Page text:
social media book reviewsWhen Rick Short, director of marketing communications for Indium Corporation, began thinking about his social media strategy, he started with keyword research.

He identified 73 of the most important keywords his prospective customers would search for. Then he created 73 different blogs that focused on each keyword and assigned a dozen employees to write those blogs.

The results amazed him. Once the blogs took off, customer contacts increased 600% in a single quarter. And everyone who contacted a blog author, commented on a blog post or downloaded a white paper opted in to the company’s customer database.

Can you guess what Indium makes? Underwear for Victoria’s Secret? Chocolate bonbons? Power tools?

No, they make solder paste and other electronic assembly materials.

content rules“Most people in the world can’t believe that people really care about this stuff,” Short told Ann Handley and C.C. Chapman, authors of the book Content Rules: How to Create Killer Blogs, Podcasts, Videos, Ebooks, Webinars (and More) That Engage Customers and Ignite Your Business. “But my customers do… They love this stuff!”

Customers like circuit board manufacturers, solar panel manufacturers and the semiconductor industry.

So what can you learn from Indium? It doesn’t matter how obscure your product or service is. As long as you fill a need in the marketplace, you have customers. And you can use the same techniques that Indium used to attract prospective customers.

Namely, focus on content. Content is king, remember? Because we’re a species that communicates using words that are strung together in sentences, paragraphs and stories.

But we’re not talking about stringing together a bunch of words that will interrupt people who are trying to read the newspaper. We’re talking about stringing together a bunch of words that will attract people who are looking for that exact group of words.

Because that’s exactly what people are doing – searching for information. At the time they need the information. Not before, not after. And they’re searching the Internet.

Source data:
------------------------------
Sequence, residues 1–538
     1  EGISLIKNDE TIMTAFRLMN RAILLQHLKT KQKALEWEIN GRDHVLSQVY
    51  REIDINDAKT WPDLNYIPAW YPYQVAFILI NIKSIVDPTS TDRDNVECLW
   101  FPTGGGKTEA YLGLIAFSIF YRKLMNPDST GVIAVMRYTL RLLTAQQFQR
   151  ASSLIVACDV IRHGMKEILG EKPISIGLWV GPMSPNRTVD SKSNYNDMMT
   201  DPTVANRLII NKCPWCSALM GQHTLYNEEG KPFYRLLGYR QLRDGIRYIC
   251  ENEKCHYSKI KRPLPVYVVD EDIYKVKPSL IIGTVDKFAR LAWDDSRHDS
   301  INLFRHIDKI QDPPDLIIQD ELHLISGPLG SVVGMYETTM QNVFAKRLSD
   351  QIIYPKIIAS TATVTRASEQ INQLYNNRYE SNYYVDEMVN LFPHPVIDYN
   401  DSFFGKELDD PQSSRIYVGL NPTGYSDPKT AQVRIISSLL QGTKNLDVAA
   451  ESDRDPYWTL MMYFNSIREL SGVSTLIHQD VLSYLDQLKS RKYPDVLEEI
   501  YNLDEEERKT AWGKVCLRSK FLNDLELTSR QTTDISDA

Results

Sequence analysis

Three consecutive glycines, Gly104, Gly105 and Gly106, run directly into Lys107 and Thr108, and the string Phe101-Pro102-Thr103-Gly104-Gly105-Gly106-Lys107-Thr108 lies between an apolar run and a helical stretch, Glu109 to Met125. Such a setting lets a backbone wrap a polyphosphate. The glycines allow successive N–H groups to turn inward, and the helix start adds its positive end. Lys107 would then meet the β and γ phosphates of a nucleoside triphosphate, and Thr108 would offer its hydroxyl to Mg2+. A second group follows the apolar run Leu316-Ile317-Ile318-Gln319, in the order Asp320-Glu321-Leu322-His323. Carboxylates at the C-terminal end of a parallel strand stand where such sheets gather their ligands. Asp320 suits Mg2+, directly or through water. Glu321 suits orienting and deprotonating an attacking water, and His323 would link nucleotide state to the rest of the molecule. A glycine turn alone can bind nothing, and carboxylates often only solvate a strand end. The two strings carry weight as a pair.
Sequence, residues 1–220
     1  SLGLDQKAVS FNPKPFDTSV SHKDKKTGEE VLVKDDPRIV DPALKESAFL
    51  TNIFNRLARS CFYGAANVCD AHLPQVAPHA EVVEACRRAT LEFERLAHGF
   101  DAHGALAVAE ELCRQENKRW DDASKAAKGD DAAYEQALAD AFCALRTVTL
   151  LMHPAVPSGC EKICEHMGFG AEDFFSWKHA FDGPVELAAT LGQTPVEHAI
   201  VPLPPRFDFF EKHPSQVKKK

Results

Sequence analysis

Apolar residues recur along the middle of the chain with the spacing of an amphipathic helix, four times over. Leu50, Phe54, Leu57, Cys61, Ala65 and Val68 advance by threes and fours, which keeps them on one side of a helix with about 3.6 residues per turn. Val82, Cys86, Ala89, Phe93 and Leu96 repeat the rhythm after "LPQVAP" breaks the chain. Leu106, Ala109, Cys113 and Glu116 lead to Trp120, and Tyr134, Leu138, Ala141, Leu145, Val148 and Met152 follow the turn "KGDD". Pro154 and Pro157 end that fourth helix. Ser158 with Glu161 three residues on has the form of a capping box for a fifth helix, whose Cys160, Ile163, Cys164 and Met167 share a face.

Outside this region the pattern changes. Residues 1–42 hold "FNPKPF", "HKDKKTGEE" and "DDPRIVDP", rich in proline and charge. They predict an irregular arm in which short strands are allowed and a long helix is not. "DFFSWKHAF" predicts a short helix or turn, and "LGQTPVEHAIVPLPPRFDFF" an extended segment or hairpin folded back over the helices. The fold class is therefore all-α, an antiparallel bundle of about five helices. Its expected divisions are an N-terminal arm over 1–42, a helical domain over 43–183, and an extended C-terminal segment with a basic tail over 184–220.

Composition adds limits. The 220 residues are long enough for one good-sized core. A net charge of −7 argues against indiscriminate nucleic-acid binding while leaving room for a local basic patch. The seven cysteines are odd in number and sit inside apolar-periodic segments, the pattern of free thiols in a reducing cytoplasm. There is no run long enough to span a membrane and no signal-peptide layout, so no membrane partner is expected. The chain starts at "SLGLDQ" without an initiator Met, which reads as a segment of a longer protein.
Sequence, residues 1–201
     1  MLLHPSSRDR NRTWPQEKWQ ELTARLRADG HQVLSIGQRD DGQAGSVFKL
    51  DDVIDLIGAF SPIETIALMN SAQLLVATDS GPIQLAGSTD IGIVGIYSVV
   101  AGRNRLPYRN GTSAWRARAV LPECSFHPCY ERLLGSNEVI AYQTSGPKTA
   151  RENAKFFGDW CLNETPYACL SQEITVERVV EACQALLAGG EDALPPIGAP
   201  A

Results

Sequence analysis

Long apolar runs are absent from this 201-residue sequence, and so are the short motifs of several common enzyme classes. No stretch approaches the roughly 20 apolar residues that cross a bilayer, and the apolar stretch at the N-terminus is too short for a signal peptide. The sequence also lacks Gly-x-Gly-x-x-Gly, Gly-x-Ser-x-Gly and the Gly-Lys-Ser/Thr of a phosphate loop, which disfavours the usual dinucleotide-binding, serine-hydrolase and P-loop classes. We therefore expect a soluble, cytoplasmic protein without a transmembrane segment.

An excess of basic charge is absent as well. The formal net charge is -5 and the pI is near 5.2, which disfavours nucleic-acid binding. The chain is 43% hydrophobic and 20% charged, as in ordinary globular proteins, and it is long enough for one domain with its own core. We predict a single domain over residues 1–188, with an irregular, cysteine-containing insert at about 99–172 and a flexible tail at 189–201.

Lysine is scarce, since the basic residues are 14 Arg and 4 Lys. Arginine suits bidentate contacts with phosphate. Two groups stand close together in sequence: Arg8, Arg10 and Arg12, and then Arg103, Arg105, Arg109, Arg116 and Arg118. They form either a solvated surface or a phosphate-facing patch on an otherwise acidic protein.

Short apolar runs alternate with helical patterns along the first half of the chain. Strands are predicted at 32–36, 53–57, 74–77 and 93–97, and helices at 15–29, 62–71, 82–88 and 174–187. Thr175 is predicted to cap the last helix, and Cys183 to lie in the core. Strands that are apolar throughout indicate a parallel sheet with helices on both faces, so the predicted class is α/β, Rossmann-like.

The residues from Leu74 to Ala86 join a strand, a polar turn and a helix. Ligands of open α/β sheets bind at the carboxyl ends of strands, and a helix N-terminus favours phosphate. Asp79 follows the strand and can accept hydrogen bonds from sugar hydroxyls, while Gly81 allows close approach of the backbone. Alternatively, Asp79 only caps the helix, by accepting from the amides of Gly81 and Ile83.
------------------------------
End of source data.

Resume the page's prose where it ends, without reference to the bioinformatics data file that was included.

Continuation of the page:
“Your customers read blogs, they Google their purchases and they query followers on Twitter or friends on Facebook,” write Handley and Chapman. “This means that your key to igniting sales is to create online content and optimize it so that it appears on the first page of search results when your customers search for you or the products or services you sell.”

5 Rules for Creating Great Content

Here are some of the rules for creating content:

#1. Show, don’t just tell: Rather than focusing on why your product is great, show people. This can be accomplished through well-crafted case studies (also known as success stories). This type of content draws people in because everyone wants to achieve success. You can create case studies by focusing on a problem faced by a customer, how your product helped solve it, and what the results were.

#2. Stoke the campfire: Try creating content that gets a conversation started. Remember those childhood overnight camp outs? The best times are often had around the campfire. And content that is highly sharable will spark a flame that will care it to other places. This type of content could include new trends in your industry. You could highlight hot new research to your customers and prospects.

#3. Play to your strengths: Do you have a radio voice but can’t write at all? Perhaps you should be focusing on podcasts instead of white papers. Maybe you’re really good on camera? Focus on where your strengths are and produce content in your comfort zone.

#4. Speak human: The people you are targeting are not search engine spiders and are likely not as technically knowledgeable as your engineering team. Speak to people in a voice they understand. That means losing complicated jargon and instead adopting a conversational writing style.

#5. Reimagine: Have you got some great content that is sitting idle? How about repurposing it. For example a great presentation can be transcribed and turned into an ebook.  A white paper can be the inspiration for multiple blog articles.

Your Complete Guide to Creating Content